David The first ever cave dive was actually performed here on the 14th of July 1935, by Graham Balcombe and a local girl called Penelope Powell. Ever since then, Wookey Hole has been the home of British cave diving. They tend to have their anniversaries here, their dinners here, and I don’t know if you remember the time football team that was caught in those caves out in Thailand? Two of the divers came from here that went to rescue them.
Felice And what does cave diving involve? Can you tell us a bit about it?
David Yes. I mean, the first cave dive in was basically where they walked under the water with lead boots and very, very primitive equipment. Since then, technology and equipment has improved many, many fold, obviously. And these days they’ve got the very top equipment, the very top gas and air mixtures. And the biggest dive they do is to the furthest chamber Chamber 25, four and a half hours there, four and a half hours back – with stop-offs along the way.
Felice And they presumably have to be extremely experienced divers to do this?
David Yes, it’s a very dangerous pastime and training takes many years, I believe. We’re now going up into our first manmade tunnel, which leads to where we keep our mature cheddar cheese.
Peter Of course, and not forget that we’re in the heart of Cheddar Cheese country here, about 12 miles from the village of Cheddar itself. So these adventure courses in normal times are very popular, but you can’t run them in the moment, presumably?
David We do run them. One in the morning, one in the afternoon.
Peter And what they involve? Tell me about it.
David Crawling through small holes, climbing, abseiling, and you exit the caves on a zip wire.
Felice Can children do it as well?
David I’m afraid not. The age limit is 14 because the activities are quite strenuous.
Peter We seem to have triggered a few extra-terrestrial noises, which is a bit scary and very Halloween. This is really quite eerie.
Felice It is. It’s quite cold in here too. I’m glad I’m wearing a jacket.
David Yes, it’s 11 degrees in here. Indeed, it’s 11 degrees every day. That’s one of the reasons we store our cheese down here. It’s a constant temperature, perfect for maturing cheddar. It’s also very humid, which stops the cheese drying and losing weight.
Felice I’ve always seen cheeses that said ‘cave aged’ and I always wondered if they really were aged inside a cave. And now I know.
David Each cheese weighs about 38 kilograms, matured here for between six months and one year.
Peter So is this local cheese from…I mean, it’s cheddar but does it come from Cheddar itself?
David No, it doesn’t. It comes from a local farm nearby, about 20 miles away. But it’s matured here. And only cheese which is matured in this cave, can be called Wookey Hole Cave Aged Cheddar. A beautiful formation there.
Peter It’s an amazing. So we’re crossing a bridge over the river, high up too, I don’t know how high, but I’m guessing it’s sort of 20 metres down.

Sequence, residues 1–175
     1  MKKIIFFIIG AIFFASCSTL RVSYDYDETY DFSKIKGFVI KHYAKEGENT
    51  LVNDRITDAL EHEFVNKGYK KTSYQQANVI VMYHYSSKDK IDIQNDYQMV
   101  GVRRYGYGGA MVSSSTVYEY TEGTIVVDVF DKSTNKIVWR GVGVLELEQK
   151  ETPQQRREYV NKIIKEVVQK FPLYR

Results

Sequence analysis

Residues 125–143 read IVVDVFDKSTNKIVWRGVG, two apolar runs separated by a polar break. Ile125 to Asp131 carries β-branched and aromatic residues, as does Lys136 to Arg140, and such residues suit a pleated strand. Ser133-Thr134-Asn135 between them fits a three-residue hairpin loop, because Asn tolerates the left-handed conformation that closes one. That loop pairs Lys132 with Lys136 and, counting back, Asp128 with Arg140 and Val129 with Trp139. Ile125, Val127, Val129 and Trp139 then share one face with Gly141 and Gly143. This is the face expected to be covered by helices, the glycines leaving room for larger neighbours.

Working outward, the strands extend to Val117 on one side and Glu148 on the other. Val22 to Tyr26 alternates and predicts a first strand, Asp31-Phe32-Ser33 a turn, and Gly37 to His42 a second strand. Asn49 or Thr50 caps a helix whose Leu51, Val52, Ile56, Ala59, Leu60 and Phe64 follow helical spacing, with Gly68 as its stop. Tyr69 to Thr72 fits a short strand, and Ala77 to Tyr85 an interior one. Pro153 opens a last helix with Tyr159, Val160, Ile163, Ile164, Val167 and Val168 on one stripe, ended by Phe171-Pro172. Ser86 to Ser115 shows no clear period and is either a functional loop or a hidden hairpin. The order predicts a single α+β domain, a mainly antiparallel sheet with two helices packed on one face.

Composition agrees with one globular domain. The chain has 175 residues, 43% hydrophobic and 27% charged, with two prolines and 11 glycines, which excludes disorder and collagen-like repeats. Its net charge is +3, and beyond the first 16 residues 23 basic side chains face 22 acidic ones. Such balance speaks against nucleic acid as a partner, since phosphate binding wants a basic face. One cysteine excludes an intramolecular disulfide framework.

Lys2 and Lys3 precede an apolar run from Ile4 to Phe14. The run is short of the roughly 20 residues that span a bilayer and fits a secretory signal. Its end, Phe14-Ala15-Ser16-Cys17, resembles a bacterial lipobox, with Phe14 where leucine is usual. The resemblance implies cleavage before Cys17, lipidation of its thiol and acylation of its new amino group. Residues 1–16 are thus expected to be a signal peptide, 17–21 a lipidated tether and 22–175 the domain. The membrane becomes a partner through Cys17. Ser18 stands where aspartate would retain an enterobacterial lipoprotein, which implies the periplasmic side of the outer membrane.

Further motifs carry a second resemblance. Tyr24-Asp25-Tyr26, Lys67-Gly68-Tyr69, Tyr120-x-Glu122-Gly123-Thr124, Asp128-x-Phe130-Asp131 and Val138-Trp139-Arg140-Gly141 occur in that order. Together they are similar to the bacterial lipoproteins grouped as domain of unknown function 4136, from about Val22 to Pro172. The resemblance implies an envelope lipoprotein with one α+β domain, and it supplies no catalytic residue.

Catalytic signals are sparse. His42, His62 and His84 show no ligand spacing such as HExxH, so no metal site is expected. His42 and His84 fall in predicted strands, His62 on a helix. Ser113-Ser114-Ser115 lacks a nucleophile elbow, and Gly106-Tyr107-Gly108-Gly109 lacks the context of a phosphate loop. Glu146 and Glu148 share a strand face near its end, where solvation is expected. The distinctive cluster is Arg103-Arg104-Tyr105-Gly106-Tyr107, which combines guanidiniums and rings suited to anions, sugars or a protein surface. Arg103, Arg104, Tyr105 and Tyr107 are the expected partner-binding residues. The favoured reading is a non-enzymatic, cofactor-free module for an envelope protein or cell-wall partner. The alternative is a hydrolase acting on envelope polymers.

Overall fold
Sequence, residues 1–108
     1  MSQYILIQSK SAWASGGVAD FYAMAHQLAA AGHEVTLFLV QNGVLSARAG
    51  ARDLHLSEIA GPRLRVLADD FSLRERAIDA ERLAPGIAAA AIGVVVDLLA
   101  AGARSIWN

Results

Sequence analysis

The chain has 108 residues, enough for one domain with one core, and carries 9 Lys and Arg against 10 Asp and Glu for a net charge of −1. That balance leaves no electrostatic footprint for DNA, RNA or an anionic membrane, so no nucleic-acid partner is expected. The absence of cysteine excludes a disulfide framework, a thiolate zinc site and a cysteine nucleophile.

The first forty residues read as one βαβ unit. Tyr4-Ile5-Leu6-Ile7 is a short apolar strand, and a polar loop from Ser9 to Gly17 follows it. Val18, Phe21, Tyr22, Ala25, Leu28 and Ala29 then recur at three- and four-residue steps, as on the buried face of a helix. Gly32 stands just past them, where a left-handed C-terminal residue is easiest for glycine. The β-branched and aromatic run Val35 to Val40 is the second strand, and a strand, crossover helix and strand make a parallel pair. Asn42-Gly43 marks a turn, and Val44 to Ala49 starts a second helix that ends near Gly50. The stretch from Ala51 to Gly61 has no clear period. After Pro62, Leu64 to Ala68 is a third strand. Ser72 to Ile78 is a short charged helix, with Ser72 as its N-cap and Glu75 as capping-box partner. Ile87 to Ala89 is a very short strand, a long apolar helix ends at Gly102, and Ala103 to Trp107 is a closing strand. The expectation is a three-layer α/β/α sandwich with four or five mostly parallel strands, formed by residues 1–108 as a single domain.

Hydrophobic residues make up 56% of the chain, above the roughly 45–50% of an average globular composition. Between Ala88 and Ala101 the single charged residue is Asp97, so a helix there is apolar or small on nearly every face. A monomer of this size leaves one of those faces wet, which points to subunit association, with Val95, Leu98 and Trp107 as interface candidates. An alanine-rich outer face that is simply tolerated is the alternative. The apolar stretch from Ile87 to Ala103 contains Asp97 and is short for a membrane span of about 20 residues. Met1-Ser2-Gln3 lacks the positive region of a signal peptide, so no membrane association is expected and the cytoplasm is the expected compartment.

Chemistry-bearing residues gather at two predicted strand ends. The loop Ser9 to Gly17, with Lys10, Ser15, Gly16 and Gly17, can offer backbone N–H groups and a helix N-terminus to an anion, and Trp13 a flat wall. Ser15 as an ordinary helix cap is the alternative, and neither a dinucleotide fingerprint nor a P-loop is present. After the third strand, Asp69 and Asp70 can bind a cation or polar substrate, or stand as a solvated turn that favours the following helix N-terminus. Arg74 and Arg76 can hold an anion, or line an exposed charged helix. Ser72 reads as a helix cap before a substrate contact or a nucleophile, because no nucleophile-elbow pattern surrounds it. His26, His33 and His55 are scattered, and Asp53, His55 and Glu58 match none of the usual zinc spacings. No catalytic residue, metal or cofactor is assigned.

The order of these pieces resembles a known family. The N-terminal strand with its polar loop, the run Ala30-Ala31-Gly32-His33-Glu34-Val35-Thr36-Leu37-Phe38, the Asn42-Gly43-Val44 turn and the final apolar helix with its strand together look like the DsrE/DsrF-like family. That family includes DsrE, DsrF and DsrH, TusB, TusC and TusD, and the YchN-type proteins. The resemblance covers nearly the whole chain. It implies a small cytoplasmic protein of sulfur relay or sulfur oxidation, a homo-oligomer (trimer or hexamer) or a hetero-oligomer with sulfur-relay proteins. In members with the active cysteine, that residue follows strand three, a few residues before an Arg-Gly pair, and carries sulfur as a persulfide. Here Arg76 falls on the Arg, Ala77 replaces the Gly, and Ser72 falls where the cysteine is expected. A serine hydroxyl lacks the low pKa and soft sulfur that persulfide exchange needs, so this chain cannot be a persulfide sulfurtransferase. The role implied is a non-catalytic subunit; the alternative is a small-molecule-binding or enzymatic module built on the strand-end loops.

David Yes. About that.
Felice And you don’t want to drop your mobile phone down there.
David Well, I certainly wouldn’t be going down after it. This was as far as those first cave divers got from Chamber Three. They laid a line to here subsequently in the 40s and 50s, the cave divers got further and further into the system.
Peter Is it fully explored now?
David Well, actually, two months ago they did come in – the cave divers – to see if they could get beyond Chamber 25. They didn’t succeed. They were blocked by a boulder. They’ll be coming back in a couple of months to see if they can go further. Basically, the exploration continues here all the time. And recently another tunnel was found further on in the system. Careful here guys.
Peter How many chambers are there for the public?
David 25 in total. We’re now about 150 foot underground.
Peter How many people a day do you have?
David Today we’re expecting about 1,800. This is our last bit of blue rock. Stay down you go round the corner. This is the Great Cathedral Cavern. It’s our highest chamber, 40 metres high.
David The bright red you can see is iron oxide coming out of the rock in a form that they call flowstone. The tunnel you see before you is the tunnel that leads down into our newest chamber. Unfortunately, it’s the one thing we can’t go down under the current circumstances, because it’s a dead end down there. So therefore, it’s two-way and isn’t allowed under the current circumstances. We’re taking the opportunity to extensively redevelop it.
This is actually where the diving takes place from these days. It’s the forward base from the diving. They dive under there about a kilometre up to the farthest extent of the cave, which is Chamber 25.
Peter You don’t want to suffer from claustrophobia.
David Absolutely not. I don’t think I could do it myself.
Peter I certainly couldn’t.
David I see them when they come up and they’re shivering at freezing and soaking wet. And I say: ‘Did you have a good time?’ and they say ‘Yes.’
Peter Yes, I’ve been caving only once; never again.
Felice How can people find out if they want to do that sort of thing?
David They can go on our website and we will direct them to the proper training, which they will need in order to complete these dives.